Breakfast Conversation

Breakfast With Cardew

Here is an intriguing piece of work featuring modular synth, although in this case not alone; there are other sound sources – a prepared snare drum, feedback speakers, string boxes, effects and objects. Regrettably the type and nature of modular synth is not elicited – although it appears to be a eurorack set-up judging from the photo on the press release – neither what kind of preparations are on the snare, which would have been interesting to know. Turning to the accompanying press release, it becomes evident that Breakfast With Cardew is in fact evidence of one musician grappling with parts of the score of Cornelius Cardew’s well known graphic score, Treatise, created during the period 1963-67. The musician in question here – BRGS as he likes to be known – is a gentleman by the name of Jaka Berger, who is described in the press release rather confidently as “…one of the most active, creative and versatile drummers, composers and improvisers on Slovenian music scene in the last fifteen years.” I’m in no position to argue, however, so let’s take a look at what’s on offer.

The black and white photograph included in the xeroxed press release presumably shows the set-up used by Berger. The snare drum is copiously mic’ed up with expensive-looking microphones while a pair of what look like vibration speakers sit on the drum skin. The cased eurorack modular set-up is arranged nearby, next to a small mixer and laptop. A handful of interesting-looking effect pedals are visible on the floor, but the quality of the xerox is so poor that I can only identify the shell of one as possibly being made by Boss – it’s very light in colour, so perhaps one of their digital delay units – but I couldn’t hope to identify any of them from this image with any certainty. There is also no detailed information about Berger’s equipment set-up (which, as I say, looks very intriguing despite the poor quality of the photograph), neither about the impetus or reasoning behind Berger’s choice of material. There’s no text information on the cd packaging itself beyond the usual production credits and so forth, and the press release reads more like a funding application or an advertisement for Berger’s teaching services.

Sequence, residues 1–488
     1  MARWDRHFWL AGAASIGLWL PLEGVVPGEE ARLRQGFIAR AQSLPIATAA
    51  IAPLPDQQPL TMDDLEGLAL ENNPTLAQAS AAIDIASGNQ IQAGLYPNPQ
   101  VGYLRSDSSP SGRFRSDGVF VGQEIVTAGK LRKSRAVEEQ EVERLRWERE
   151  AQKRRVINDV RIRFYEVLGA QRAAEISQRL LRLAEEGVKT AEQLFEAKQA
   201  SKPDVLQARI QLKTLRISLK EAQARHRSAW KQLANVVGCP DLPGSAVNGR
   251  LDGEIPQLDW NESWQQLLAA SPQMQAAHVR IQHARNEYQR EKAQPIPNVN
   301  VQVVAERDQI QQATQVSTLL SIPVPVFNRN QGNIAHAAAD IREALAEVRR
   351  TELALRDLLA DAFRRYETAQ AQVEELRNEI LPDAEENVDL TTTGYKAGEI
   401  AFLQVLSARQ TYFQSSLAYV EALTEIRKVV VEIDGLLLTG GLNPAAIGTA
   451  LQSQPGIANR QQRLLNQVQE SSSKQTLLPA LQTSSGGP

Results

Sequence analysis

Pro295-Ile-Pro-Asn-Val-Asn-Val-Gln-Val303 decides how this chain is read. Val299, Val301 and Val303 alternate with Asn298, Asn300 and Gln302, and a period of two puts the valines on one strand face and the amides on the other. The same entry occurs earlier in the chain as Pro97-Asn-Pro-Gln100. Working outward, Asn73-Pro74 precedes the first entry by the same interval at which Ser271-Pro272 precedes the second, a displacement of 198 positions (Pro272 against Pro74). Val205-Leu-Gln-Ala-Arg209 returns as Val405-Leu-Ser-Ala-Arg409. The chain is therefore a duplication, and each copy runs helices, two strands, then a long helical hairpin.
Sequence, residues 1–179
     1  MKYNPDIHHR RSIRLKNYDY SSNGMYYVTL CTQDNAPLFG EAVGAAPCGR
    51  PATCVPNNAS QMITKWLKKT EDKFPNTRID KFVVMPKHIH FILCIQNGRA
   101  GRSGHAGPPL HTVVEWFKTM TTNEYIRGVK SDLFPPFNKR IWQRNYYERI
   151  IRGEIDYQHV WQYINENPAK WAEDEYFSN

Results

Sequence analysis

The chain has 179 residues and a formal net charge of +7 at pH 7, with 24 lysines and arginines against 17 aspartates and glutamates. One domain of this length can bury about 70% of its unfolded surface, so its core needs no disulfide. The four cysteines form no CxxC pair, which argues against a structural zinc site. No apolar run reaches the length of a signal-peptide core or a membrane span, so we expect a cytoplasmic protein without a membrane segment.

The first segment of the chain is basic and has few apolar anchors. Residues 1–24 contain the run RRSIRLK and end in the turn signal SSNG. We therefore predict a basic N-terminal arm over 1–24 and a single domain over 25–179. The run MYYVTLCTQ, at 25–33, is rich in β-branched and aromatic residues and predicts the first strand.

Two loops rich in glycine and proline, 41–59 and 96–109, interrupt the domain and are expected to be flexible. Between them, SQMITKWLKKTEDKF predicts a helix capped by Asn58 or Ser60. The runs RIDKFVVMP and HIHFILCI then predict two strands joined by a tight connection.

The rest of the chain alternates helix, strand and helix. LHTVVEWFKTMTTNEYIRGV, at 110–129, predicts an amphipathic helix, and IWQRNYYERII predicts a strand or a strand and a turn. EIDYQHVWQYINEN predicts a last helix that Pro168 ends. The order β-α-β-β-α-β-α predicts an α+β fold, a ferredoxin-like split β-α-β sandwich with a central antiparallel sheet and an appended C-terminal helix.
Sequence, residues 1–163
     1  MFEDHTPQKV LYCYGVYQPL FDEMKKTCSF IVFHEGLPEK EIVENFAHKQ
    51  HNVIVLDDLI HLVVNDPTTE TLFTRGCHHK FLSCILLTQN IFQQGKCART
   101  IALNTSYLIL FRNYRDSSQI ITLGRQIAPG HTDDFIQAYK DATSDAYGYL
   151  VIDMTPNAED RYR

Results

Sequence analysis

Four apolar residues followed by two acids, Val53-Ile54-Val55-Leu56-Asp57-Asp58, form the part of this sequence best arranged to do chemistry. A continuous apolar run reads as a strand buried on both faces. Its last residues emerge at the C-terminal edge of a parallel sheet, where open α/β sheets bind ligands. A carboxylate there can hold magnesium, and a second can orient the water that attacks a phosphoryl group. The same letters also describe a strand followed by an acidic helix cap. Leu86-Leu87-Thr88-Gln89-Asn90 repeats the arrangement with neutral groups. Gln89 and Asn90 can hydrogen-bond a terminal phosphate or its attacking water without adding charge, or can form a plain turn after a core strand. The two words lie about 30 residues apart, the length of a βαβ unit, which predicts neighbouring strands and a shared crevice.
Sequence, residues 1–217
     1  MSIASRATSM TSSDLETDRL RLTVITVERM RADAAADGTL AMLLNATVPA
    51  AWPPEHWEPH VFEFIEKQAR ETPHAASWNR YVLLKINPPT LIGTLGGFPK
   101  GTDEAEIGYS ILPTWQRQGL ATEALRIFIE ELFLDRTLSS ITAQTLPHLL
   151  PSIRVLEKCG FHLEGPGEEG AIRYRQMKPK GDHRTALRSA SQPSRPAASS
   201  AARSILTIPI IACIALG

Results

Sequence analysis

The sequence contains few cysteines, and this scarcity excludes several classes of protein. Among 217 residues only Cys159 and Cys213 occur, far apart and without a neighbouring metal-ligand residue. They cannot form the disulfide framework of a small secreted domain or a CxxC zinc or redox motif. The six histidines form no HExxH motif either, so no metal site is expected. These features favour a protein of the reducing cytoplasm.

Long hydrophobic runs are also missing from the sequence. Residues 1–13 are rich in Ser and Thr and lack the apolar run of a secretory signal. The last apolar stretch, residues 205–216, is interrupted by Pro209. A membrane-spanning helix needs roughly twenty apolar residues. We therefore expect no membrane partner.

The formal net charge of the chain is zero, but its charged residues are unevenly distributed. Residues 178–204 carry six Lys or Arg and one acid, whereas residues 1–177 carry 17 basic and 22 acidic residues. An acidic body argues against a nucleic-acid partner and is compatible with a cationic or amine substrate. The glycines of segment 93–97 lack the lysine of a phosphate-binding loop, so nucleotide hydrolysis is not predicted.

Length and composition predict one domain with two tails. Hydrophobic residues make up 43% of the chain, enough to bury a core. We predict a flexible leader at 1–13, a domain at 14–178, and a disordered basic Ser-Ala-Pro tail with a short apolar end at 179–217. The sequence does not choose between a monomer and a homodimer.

That being said, the music on Breakfast With Cardew is compelling. Particularly the fifth track “Conversation between the lines (67 47 35)” with its insistent bubbles and scrapes. I like the ways Berger interacts with his equipment; it’s almost a living thing that the musician works lightly in partnership with, suggesting little ideas here and there. Software processing seems largely in evidence; on “Transitions 128 39 155)” there is a lot of memory buffer manipulation going on in real-time (or so it seems to me) that could be the evil deeds of one of those new-fangled DSP-processing FX pedals which seem so popular with adventurous musicians these days – I’m thinking of the Red Panda Particle as an example, or anything recently released by Chase-Bliss – but this could equally be software; either way it results in a really pleasing emulsion of repeated material, eroded in interesting ways. “Endless Loop Of Spotless Mind (42 43 44)” is a change of pace with slow blooms of animated accordian-like tones moving in and out of slowly rotating low-pass filters; their capacitors clogged with the fertile loam of a windswept field in winter, the occasional jackdaw flopping down from leafless branches of a withered tree.

Zvocni Prepihi is a well-stocked imprint of which I had not heard of before, but there seems to be some choice product at their Bandcamp page – not to mention a pretty rad visual aesthetic – often involving BRGS alongside other notable individuals from the free improv scene in Slovenia. Top work; I’ll be looking into their back catalogue forthwith.